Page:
EETimes writes the U.S. Department of Defense (DoD) may struggle with global chip shortages for as many as 10 years while it weans itself from Asian chip supplies.
According to the article, the DoD must reckon with reckon with competition from commercial buyers for foundry wafers, as well as the military’s over-reliance on older chip architectures.
“The DoD may need a decade to build a reliable domestic supply chain,” reported EETimes in an interview with Mike Burns, an electronics engineer who has founded chip companies like iDeal Semiconductor and Agere Systems. “The issue is how fast U.S.-based Intel can catch up with Taiwan Semiconductor Manufacturing Co. (TSMC), which makes Altera and Xilinx field programmable gate arrays (FPGAs) and other chips that the DoD uses in weapons systems like the F-35 fighter jet, missiles, and command-and-control gear.”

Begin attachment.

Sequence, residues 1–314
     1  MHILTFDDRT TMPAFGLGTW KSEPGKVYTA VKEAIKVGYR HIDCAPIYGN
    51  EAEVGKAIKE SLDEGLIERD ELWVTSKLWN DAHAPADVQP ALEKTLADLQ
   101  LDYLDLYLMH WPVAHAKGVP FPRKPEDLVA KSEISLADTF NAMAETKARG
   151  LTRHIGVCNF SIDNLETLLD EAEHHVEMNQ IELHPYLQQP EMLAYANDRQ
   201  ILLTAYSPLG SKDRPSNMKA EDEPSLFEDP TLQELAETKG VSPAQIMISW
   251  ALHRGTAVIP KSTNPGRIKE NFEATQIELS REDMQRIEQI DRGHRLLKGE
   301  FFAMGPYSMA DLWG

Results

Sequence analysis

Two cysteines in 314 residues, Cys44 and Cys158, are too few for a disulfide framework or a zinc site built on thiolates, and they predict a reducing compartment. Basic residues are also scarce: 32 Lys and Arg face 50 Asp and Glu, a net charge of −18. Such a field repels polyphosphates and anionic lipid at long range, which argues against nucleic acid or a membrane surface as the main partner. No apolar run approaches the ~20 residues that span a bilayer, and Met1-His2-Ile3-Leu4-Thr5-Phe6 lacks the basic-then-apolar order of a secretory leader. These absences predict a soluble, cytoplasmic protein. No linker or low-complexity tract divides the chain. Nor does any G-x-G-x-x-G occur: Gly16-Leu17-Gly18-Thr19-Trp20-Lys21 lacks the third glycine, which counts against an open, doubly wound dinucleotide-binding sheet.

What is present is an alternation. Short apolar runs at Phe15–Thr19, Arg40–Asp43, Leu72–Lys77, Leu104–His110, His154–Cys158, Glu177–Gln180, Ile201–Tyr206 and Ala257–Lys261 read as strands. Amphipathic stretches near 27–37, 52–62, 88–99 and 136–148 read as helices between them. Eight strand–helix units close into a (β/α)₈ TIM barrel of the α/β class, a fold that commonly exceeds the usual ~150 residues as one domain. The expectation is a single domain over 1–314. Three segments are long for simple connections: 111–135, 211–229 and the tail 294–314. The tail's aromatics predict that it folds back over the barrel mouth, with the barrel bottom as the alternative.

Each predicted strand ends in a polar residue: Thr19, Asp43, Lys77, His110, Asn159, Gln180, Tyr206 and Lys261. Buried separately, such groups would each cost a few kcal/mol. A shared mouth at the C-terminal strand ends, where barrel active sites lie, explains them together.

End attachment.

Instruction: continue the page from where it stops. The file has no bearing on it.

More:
Taiwan is at the center of rising tensions between the U.S. and China.
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